8. Gui C, Kleinberg LR, Lim M, et al.: Extracranial abscopal responses after radiation therapy for intracranial metastases: a review of the clinical literature and commentary on mechanism. Cureus. 2019 , 11:3. 10.7759/cureus.4207
  9. Vatner RE, Cooper BT, Vanpouille-Box C, et al.: Combinations of immunotherapy and radiation in cancer therapy. Front Oncol. 2014 , 28:325. 10.3389/fonc.2014.00325
  10. Siva S, MacManus MP, Martin RF, et al.: Abscopal effects of radiation therapy: a clinical review for the radiobiologist. Cancer Lett. 2015 , 356:82-90. 10.1016/j.canlet.2013.09.018
  11. DeVita Jr VT, Eggermont AM, Hellman S, Kerr DJ: Clinical cancer research: the past, present and the future. Nat Rev Clin Oncol . 2014, 11:663. 10.1038/nrclinonc.2014.153
  12. Adkins I, Palata O, Hradilova Podzimkova N, et al.: Radiotherapy in combination with cytokine treatment. Front Oncol. 2019, 9:367. 10.3389/fonc.2019.00367
  13. Rodríguez-Ruiz ME, Perez-Gracia JL, Rodriguez I: Combined immunotherapy encompassing intratumoral poly-ICLC, dendritic-cell vaccination and radiotherapy in advanced cancer patients. Ann Oncol. 2018 , 14:1312-9. 10.1093/annonc/mdy089
  14. Bonilla CE, Esguerra J, Álvarez A, Morales RL: Abscopal effect after palliative radiotherapy in a patient with a gastric adenocarcinoma disseminated to retroperitoneal space: case report from a Latin American Reference Center and review of the literature. Cureus. 2019, 26:11. 10.7759/cureus.6235
  15. Wrzesinski SH, Wan YY, Flavell RA: Transforming growth factor-β and the immune response: implications for anticancer therapy. Clin Cancer Res. 2007 , 15:5262-70. 10.1158/1078-0432
  16. Koller KM, Mackley HB, Liu J, et a.: Improved survival and complete response rates in patients with advanced melanoma treated with concurrent ipilimumab and radiotherapy versus ipilimumab alone. Cancer Biol Ther. 2017 , 18:36-42. 10.1097/CMR.0000000000000386
  17. Yilmaz MT, Elmali A, Yazici G: Abscopal effect, from myth to reality: from radiation oncologists' perspective. Cureus. 2019 , 11:3860. 10.7759/cureus.3860
  18. Woo SR, Fuertes MB, Corrales L, et al.: STING-dependent cytosolic DNA sensing mediates innate immune recognition of immunogenic tumors. Immunity. 2014 , 41:830-42. 10.1016/j.immuni.2014.10.017
  19. Lock M, Muinuddin A, Kocha WI, et al.: Abscopal effects: case report and emerging opportunities. Cureus. 2015 , 7:344. 10.7759/cureus.344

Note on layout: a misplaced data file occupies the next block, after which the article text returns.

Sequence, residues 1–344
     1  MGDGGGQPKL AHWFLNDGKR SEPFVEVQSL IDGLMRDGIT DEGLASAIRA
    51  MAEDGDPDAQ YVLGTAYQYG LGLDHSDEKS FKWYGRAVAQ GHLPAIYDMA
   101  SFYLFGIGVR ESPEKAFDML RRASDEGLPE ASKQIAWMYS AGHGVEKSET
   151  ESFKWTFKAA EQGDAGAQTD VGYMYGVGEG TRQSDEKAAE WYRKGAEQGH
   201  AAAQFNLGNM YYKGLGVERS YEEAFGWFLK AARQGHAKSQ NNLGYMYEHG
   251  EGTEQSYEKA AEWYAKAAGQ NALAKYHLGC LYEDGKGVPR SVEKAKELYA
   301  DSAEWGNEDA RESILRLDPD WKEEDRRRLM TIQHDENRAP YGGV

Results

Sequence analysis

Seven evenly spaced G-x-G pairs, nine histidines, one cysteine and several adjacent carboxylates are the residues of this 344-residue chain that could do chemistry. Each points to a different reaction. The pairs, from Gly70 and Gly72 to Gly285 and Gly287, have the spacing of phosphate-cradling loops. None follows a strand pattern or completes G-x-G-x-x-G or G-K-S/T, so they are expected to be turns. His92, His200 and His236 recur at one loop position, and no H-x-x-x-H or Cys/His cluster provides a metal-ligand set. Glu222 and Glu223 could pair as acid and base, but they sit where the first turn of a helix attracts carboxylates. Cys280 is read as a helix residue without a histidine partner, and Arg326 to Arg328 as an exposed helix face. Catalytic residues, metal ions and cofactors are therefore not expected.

20. Garg AD, Krysko DV, Verfaillie T, et al.: A novel pathway combining calreticulin exposure and ATP secretion in immunogenic cancer cell death. EMBO J. 2012, 7:1062-79. 10.1038/emboj.2011.497
  21. Levy A, Massard C, Soria JC, Deutsch E: Concurrent irradiation with the anti-programmed cell death ligand-1 immune checkpoint blocker durvalumab: single centre subset analysis from a phase 1/2 trial. Eur J Cancer. 2016 , 68:156-62. 10.1016/j.ejca.2016.09.013
  22. Brenneman RJ, Sharifai N, Fischer-Valuck B, et al.: Abscopal effect following proton beam radiotherapy in a patient with inoperable metastatic retroperitoneal sarcoma. Front Oncol. 2019, 9:922. 10.3389/fonc.2019.00922
  23. Aboudaram A, Modesto A, Chaltiel L, et al.: Concurrent radiotherapy for patients with metastatic melanoma and receiving anti-programmed-death 1 therapy: a safe and effective combination. Melanoma Res. 2017 , 27:485-91. 10.1097/CMR.0000000000000386
  24. Kwon ED, Drake CG, Scher HI, et al.: Ipilimumab versus placebo after radiotherapy in patients with metastatic castration-resistant prostate cancer that had progressed after docetaxel chemotherapy (CA184- 043): a multicentre, randomised, double-blind, phase 3 trial. Lancet Oncol. 2014 , 15:700-12. 10.1016/S1470-2045(14)70189-5
  25. Golden EB, Demaria S, Schiff PB, et al.: An abscopal response to radiation and ipilimumab in a patient with metastatic non-small cell lung cancer. Cancer Immunol Res. 2013 , 1:365-72. 10.1158/2326-6066
Review article

Radiation Therapy as a Modality to Create Abscopal Effects: Current and Future Practices

Author Information

Dennis Adjepong Corresponding Author

Neurological Surgery, California Institute of Behavioral Neurosciences and Psychology, Fairfield, USA

Bilal Haider Malik

Internal Medicine, California Institute of Behavioral Neurosciences and Psychology, Fairfield, USA

Ethics Statement and Conflict of Interest Disclosures

Conflicts of interest: In compliance with the ICMJE uniform disclosure form, all authors declare the following: Payment/services info: All authors have declared that no financial support was received from any organization for the submitted work. Financial relationships: All authors have declared that they have no financial relationships at present or within the previous three years with any organizations that might have an interest in the submitted work. Other relationships: All authors have declared that there are no other relationships or activities that could appear to have influenced the submitted work.

Review article

Radiation Therapy as a Modality to Create Abscopal Effects: Current and Future Practices

Figures etc.


Scholary Impact Quotient™ (SIQ™) is our unique post-publication peer review rating process. Learn more here.